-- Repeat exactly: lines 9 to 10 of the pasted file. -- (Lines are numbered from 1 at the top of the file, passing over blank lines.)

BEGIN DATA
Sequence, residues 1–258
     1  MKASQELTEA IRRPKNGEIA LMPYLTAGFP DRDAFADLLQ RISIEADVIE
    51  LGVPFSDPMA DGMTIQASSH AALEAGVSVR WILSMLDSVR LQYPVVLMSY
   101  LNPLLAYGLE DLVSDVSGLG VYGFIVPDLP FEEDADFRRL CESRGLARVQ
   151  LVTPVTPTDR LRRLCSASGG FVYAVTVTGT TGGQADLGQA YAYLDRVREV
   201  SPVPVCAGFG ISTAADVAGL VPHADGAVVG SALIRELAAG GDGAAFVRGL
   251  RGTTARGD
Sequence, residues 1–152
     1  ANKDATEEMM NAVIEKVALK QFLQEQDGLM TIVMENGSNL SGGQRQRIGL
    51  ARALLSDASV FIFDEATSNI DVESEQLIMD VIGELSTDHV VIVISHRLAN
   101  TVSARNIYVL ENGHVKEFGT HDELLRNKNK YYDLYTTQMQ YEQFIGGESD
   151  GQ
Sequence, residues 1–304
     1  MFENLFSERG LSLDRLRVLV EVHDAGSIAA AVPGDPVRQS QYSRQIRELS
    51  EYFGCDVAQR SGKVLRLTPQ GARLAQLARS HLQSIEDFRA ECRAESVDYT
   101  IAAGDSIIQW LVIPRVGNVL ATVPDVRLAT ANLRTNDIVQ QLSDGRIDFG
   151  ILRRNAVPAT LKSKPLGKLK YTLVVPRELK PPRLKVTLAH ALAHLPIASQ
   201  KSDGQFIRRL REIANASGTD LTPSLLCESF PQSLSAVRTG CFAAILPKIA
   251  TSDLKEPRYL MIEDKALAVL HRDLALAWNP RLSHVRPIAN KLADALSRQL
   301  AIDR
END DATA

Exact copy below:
     1  ANKDATEEMM NAVIEKVALK QFLQEQDGLM TIVMENGSNL SGGQRQRIGL
    51  ARALLSDASV FIFDEATSNI DVESEQLIMD VIGELSTDHV VIVISHRLAN